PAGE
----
There wasn’t much Idaho Lt. Gov. Janice McGeachin got right about the COVID-19 pandemic during her virtual press conference last week.
Along with Moscow area business owners, community members and failed Latah County Commission candidate Gabriel Rench, McGeachin:
l Disregarded the Centers for Disease Control and Prevention advice for people to remain home during Thanksgiving. Gatherings of family and friends would spread the infection.
“My whole message is that we’re not meant to be kept away from each other,” McGeachin said. “We are human beings. We are social beings.”
By Sunday, Dr. Anthony Fauci, director of the National Institute of Allergy and Infectious Diseases, was predicting the holiday travel would create a “surge upon a surge.” Dr. Deborah Birx, White House coronavirus response coordinator, was telling people who followed McGeachin’s suggestion to act as if they were infected.
l Complained about “lockdowns” and restrictions.
Gov. Brad Little moved the state’s response back to Stage 2, but no business has been closed. The restaurants are open. So are the bars. Church services are observed. The governor won’t impose a statewide facemask mandate. Meanwhile, the state put the positivity testing rate at 19.4 percent. Anything above 5 percent means the virus is spreading out of control.
l Proposed purchasing disinfection systems for the state Capitol and mobile units that could be located in different corners of the state with nurses to staff the equipment.
“A person can walk through a cube and be disinfected from head to toe, including on the bottom of their feet,” McGeachin said.
As Betsy Russell of the Idaho Press noted, the concept has been thoroughly debunked.
As cited by the National Institutes of Health, the American Journal of Tropical Medicine and Hygiene in June published a study that found “walk-through sanitation gates” didn’t work, possibly caused harm and violated World Health Organization standards: “Fumigation is meant for inanimate objects and surfaces, and it should never be used on people.”
The NIH noted a second study, this one from Royal Society for Public Health, which reported China applied this technique, only to discover it was useless and dangerous.
Russell also reported McGeachin’s plan, which came to $16.8 million, was submitted to Little’s Coronavirus Financial Advisory Committee. A member of that panel, Dr. Carolyn Bridges, a retired CDC official, emailed to CFAC Chairman Alex Adams: “COVID-19 is a respiratory disease spread mostly through coughing, talking, breathing and sneezing of infected persons. This tunnel does nothing for the source of infection, which is the respiratory tract. ... Disinfectants are not meant to be inhaled and can cause damage to the skin and respiratory tract. There is no data to support use in terms of effectiveness.”
l Offered to direct the project to a political ally. Again, Russell’s reporting documented that the source of those products, Xtreme Manufacturing, is owned by Las Vegas hotel owner Don Ahern. On Sept. 13, Ahern hosted a campaign rally for President Donald Trump, which McGeachin attended. The rally violated local COVID-19 restrictions and Ahern was fined.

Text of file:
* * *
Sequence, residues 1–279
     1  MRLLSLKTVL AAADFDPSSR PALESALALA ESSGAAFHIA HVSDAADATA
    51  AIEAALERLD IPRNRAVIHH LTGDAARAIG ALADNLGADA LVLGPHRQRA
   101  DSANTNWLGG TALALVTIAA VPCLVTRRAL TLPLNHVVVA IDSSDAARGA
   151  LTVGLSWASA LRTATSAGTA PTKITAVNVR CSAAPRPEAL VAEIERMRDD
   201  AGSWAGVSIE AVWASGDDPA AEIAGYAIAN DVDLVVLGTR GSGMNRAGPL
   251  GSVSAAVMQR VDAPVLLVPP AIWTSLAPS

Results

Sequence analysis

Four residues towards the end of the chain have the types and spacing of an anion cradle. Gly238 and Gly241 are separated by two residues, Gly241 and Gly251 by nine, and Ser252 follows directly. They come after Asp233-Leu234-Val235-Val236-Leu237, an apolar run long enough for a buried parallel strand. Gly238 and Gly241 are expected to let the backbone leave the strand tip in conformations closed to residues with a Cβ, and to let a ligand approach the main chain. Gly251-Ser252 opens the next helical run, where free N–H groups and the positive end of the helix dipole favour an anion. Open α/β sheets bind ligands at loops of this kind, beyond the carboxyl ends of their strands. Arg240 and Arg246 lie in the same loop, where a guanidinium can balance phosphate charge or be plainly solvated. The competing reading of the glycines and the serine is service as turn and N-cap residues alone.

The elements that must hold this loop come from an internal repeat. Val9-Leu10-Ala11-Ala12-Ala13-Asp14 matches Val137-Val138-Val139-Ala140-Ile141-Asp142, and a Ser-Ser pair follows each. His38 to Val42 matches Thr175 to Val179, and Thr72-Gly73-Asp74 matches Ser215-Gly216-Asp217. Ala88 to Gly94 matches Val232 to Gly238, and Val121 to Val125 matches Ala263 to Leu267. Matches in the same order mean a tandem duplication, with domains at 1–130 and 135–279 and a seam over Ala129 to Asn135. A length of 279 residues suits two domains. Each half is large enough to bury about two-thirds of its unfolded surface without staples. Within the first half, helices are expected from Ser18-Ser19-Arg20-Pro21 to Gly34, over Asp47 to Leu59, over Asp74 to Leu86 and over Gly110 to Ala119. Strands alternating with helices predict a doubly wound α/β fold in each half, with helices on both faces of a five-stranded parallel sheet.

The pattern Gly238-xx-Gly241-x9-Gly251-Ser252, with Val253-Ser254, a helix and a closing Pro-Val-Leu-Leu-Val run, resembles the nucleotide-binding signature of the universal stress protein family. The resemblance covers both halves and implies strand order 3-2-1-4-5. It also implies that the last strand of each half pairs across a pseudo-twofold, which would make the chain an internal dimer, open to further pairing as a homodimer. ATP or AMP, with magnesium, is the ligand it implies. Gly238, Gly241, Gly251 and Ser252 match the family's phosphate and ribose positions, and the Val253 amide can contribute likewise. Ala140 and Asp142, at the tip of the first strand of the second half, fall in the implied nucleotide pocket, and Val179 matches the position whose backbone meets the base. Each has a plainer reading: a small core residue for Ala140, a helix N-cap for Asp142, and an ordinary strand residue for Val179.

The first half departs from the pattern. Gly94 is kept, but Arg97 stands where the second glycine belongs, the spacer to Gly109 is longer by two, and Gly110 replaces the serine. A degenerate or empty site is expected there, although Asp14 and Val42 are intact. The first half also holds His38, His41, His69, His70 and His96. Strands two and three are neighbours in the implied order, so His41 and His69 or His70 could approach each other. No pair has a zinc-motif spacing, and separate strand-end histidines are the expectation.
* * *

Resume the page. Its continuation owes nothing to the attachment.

But McGeachin got this much right: She understands the world according to Donald J. Trump.
When Mexico failed to pay for a “big beautiful wall” along the southern border, nobody cared.
Nor has anyone held Trump to account for his failure during the past four years to repeal Obamacare and replace it with a better, cheaper health care plan.
Long before McGeachin brought it up, the president suggested his own COVID-19 remedies — such as bringing ultraviolet light “inside the body” or injecting disinfectants. Did Trump’s base desert him? No.
It’s not about facts.
It’s not about expertise.
It’s about grievance, frustration and anger. Trump gives voice to those who want to rail against the system.
As conservative columnist David Brooks wrote: “Under Trump, the Republican identity is defined not by a set of policy beliefs but by a paranoid mindset. He and his media allies simply ignore the rules of the epistemic regime and have set up a rival trolling regime.”
Says former Republican National Committee Chairman Michael Steele: “What Donald Trump was able to do was give it legitimacy, to give it voice, actual voice, in the body of the president, in the body of the presidency.”
Whether by intuition or calculation, McGeachin has decided to tap into Trump’s base.
So what if she’s wrong on the medical facts? She’s right where it counts — speaking up for those who feel left behind, condescended to or disregarded by the experts or the elites.
Come 2022, when she might challenge Little for governor, a lot of those people will show up to vote in the closed Republican primary election.
What McGeachin is up to here is not going to do Idaho any good.
But she’s certainly looking out for her own political aspirations. — M.T.